Donegal's Star of the Sea Church is a 'Little Piece of Heaven'

Desertegney's valuable social history in beautiful honoured by DVD

Star of the Sea Church in Desertegney

Star of the Sea Church which features on a new DVD

It is said, of all of the churches designed by celebrated Inishowen architect, Liam McCormick, Star of the Sea Church, Desertegney was his favourite.

According to Fr John R Walsh, who spoke about the Iconography of Star of the Sea on the beautiful new DVD 'A Little Piece of Heaven', it was because McCormick could view the church from his boat when he was sailing on the Swilly.

A “labour of love” on the part of videographer, Hugh Quirke, 'A Little Piece of Heaven' tells the story of Desertegney, which stretches along the banks of Lough Swilly between Buncrana and Dunree Head in West Inishowen.

Speaking to Donegal Now, Hugh described the DVD, the proceeds of which are going towards the restoration of the roof of Star of the Sea Church, as a “journey in time.”

He said: “'A Little Piece of Heaven' documents the ecclesiastical history of the Parish, from its early Christian settlements to the present day.

“It was produced to mark the Golden Jubilee of the architecturally iconic Star of the Sea Church and was an earthy story of people, place and belonging, a fusion of past and present, marking a profound and inspiring legacy.”

In his 'A Little Piece of Heaven' interview, Fr Walsh recalled Star of the Sea Church as being “the talk of the country” in 1964.

Fr Walsh said: “I was a boy in St Columb's [Derry] the day Star of the Sea Church opened. It was the talk of the country in 1964, this modern building out beyond Buncrana and was much talked about. It was modern but not too modern. It did not frighten traditionalists.

“The church was designed by Liam McCormick, who has made a name for himself as the premier church architect in Ireland in the last century.

“There are a lot of features of Star of the Sea Church that suggest Liam McCormick was interested in the sea and boats. We have the 'nave' of the church, which derives from the Latin word 'navis' meaning 'ship.' At the top, up in the sanctuary, you have got the prow shape. The back of the church, the Baptistery area and the gallery is also like a ship.

“The tower outside, people have likened to a lighthouse. McCormick spent much of his time in Greencastle, by the sea. He had a boat himself and they say, of all of his 30 churches, Star of the Sea, is the one he liked most because he could view it from his boat when he was out on the Swilly. I think Desertegney excited the maritime side of the architect,” said Fr Walsh.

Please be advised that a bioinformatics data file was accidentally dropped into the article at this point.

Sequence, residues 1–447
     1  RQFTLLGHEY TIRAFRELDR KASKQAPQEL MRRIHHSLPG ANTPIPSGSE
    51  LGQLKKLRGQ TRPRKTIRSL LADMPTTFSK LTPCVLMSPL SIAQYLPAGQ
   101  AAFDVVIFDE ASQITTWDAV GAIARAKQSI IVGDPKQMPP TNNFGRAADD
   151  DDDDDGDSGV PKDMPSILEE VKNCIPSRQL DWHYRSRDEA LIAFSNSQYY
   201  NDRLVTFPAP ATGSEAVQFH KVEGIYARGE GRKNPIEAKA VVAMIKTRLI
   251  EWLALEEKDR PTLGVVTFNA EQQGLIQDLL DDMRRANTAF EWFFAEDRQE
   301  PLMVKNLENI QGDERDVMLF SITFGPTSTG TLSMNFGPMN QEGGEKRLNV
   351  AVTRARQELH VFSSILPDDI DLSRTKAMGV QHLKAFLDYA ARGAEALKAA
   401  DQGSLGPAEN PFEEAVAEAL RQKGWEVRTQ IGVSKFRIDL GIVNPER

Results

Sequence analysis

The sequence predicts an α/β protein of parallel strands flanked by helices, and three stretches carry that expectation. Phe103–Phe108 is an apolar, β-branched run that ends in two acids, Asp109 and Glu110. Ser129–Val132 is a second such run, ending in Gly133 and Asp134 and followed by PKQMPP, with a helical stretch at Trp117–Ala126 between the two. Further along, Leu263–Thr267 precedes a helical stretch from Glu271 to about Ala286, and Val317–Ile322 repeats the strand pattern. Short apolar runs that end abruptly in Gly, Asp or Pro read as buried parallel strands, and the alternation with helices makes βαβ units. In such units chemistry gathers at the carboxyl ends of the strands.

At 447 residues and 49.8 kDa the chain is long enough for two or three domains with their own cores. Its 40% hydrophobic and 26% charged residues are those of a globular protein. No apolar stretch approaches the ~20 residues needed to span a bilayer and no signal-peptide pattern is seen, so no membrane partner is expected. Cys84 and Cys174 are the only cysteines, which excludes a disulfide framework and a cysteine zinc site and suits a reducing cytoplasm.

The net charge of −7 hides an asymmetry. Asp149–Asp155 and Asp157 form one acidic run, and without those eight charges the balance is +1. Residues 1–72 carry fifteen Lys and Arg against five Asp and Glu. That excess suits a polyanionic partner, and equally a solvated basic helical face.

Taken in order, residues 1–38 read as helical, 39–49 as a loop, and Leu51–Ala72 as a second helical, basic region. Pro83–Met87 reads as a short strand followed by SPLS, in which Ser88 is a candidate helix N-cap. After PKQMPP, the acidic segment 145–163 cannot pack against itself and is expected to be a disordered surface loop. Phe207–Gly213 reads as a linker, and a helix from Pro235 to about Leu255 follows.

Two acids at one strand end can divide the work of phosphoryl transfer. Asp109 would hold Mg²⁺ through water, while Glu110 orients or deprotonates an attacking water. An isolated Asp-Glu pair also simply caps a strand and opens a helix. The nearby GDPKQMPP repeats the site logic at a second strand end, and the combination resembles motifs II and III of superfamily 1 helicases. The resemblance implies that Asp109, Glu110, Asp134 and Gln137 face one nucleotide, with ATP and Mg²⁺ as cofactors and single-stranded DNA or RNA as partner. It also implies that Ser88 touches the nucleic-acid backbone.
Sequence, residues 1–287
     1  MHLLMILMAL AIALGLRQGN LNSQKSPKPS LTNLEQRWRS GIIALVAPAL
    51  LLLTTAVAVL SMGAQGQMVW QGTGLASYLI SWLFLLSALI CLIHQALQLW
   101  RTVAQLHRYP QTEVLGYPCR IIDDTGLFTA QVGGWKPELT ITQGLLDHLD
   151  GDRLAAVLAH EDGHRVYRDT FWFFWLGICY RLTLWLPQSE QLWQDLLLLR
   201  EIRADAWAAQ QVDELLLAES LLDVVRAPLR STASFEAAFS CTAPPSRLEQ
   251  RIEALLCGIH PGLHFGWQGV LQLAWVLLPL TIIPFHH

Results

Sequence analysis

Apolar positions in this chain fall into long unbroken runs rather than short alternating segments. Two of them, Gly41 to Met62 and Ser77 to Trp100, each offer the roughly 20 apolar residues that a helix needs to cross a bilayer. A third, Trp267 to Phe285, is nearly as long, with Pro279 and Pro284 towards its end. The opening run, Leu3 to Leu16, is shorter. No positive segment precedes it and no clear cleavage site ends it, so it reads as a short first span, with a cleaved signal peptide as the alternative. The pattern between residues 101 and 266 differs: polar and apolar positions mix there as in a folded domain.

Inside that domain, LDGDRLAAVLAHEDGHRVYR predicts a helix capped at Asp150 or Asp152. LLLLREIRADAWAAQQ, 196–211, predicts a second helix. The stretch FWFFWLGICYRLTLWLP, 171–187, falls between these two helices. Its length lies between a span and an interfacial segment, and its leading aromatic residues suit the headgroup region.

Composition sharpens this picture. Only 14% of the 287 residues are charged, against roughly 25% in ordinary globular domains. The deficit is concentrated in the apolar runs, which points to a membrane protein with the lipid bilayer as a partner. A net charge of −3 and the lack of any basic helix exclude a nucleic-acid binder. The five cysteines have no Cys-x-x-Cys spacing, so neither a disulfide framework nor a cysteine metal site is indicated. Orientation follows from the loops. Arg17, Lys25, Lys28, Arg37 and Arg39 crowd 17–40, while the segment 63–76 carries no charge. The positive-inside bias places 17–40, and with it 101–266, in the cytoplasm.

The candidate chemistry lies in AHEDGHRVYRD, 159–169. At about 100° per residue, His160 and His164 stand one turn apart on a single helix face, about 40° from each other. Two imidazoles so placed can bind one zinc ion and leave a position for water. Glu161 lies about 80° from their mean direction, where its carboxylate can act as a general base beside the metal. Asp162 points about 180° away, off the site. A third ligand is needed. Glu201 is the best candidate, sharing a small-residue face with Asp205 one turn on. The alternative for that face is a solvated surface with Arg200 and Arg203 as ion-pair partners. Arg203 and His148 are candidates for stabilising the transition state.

Fr O'Brien, who was the Parish Priest at the time wanted the new church built on the site of the old church. However, Liam McCormick “successfully pushed a more elevated site, which was accepted ultimately.”

One of the most poignant contributions to 'A Little Piece of Heaven', which also features the full Golden Jubilee Mass of 2014, came from talented Dunree musician, Tracey McRory.

Tracey spoke movingly about her great uncle, Fr James McRory, who was from Desertegney and was a British army Chaplain during World War One.

Tracey said: “Fr James was born in 1881. He went to school locally [in the home of the late Hugh and Sarah Hegarty in Munagh, originally the old Boys' School.] He then went to St Columb's College, where he studied. He also he made quite a name for himself as a footballer and the College gave him a special dispensation to go off and play for Derry Celtic. Fr James remained there for a number of years and then was ordained in in Rome in 1901. Then he was posted to Glasgow where he served in a parish.

“In 1914 the First World War broke out. Fr James was moved enough to to sign up to travel to the battle fields of of the First World War, where he felt it was necessary to serve the men from the island of Ireland. He served in the Connaught Rangers and he also kept a diary of his time in the trenches.

“To read the war diary is an incredible thing. To find that and to have these images of what he describes in the trenches is really fascinating. The opening line in the diary reads: 'From the Shamrock dugout in the trenches where Ypres once was.'